War of the Rebellion: Serial 021 Page 0039 Chapter XXVII. VICKSBURG, MISS., AND BATON ROUGE, LA.

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WAR DEPARTMENT, July 31, 1862.

Lieutenant Col. ALFRED W. ELLET,

Steam Ram Switzerland, off Vicksburg:

Your dispatch of 23rd instant, relating to the engagement with the Arkansas, has just been received, and I have referred it to General Halleck, commander-in-chief, to give you instructions on the points desired. For your great gallantry I shall recommend you for nomination by the President as brigadier-general. You will return to Lieutenant Hunter and the gallant officers and soldiers and boatmen of your command the thanks of this Department. You will please make known to me anything that may be required by your fleet, in order that it may be promptly supplied. The lamented death of your brother, deprives the country of the full report expected from him, and I wish you would supply it.

EDWIN M. STANTON,

Secretary of War.

No. 9. Report of Major General Benjamin F. Butler, U. S. Army, commanding the Department of the Gulf, of engagement at Baton Rouge, La., with orders and resulting correspondence.

HEADQUARTERS DEPARTMENT OF THE GULF,

New Orleans, La., August 10, 1862.

SIR: Owing to the withdrawal of the fleet from before Vicksburg it became necessary to return Williams' brigade to Baton Rouge. The services before Vicksburg had weakened very much that force by sickness. The overflow of the river and the number of dead animals in the swamps made a fearful malaria; but while it caused illness in almost the entire command it did not produce a large mortality. The healthy air and water of Baton Rouge rapidly recruit the troops.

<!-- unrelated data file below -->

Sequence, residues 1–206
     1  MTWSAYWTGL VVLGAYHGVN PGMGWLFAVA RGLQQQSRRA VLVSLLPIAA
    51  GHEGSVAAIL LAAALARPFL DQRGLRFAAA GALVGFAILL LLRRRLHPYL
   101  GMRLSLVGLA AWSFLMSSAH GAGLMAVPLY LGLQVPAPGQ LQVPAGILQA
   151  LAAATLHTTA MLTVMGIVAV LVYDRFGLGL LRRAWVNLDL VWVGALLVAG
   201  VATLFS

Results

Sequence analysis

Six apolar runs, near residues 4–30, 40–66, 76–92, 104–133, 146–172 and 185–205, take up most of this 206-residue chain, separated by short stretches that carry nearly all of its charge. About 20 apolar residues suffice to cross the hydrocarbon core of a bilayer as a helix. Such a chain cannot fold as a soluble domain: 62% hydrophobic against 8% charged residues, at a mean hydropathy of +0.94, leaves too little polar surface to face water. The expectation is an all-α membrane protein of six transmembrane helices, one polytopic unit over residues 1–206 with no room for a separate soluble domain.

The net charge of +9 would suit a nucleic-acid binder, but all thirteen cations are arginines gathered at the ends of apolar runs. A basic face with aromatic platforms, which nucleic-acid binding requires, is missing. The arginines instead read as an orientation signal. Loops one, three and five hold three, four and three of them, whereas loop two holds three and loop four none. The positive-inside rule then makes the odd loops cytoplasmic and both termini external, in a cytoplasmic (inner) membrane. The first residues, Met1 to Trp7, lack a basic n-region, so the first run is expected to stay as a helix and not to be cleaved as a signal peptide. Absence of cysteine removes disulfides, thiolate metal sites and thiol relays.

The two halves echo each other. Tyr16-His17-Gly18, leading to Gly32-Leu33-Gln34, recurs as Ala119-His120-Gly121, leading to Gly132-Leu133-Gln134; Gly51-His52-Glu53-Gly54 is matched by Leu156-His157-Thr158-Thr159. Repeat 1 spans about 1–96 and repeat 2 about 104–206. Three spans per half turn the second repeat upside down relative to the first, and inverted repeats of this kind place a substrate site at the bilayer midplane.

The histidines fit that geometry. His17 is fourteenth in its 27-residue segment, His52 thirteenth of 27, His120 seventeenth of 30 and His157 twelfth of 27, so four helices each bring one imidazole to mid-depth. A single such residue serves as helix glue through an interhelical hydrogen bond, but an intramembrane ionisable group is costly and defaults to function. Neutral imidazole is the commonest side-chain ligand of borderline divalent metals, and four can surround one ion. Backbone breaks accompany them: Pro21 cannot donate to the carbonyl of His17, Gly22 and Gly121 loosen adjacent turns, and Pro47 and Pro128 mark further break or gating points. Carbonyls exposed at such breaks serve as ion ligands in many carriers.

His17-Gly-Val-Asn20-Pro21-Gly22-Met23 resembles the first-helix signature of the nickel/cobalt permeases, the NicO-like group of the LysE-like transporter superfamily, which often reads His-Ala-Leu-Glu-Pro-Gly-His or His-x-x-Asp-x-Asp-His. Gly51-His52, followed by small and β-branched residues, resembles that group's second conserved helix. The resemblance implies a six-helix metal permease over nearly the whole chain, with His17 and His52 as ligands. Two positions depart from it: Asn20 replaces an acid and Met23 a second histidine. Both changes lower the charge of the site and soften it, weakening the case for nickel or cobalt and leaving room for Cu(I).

The cessation of operations at Vicksburg allowed the enemy to concentrate a very large part of his available force at Camp Moore, about 60 miles from Baton Rouge. From thence he marched to attack that post, and on the morning of the 5th instant appeared before our lines. His force consisted of two Louisiana regiments; two Mississippi regiments; two Tennessee regiments; the Third, Fourth, Fifth, Sixth Seventh and Eighth Kentucky regiments; and Alabama regiment: a Texas and a Georgia regiment; fourteen pieces of artillery, and a large force of guerrilla cavalry. These were under the command of Major General John C. Breckinridge, Brigadier-General Ruggles, Benjamin H. Helm, Allen and Clark. They were supported by the ram Arkansas which inspired them with the greatest hopes and the utmost confidence in their attack.

To oppose this formidable force Brigadier-General Williams had the Fourteenth Maine, Seventh Vermont, nine companies of the Ninth Connecticut the Twenty-first Indiana, Fourth Wisconsin, and Sixth Michigan regiments; Nims', Everett's, and Manning's Massachusetts batteries, and Magee's company, of Massachusetts cavalry. Nearly one-half of all this force were on the sick list.

Leaving two regiments in the village for a reserve, with high chivalry General Williams formed his lines at daybreak, nearly a mile beyond the town, in an admirably chosen position.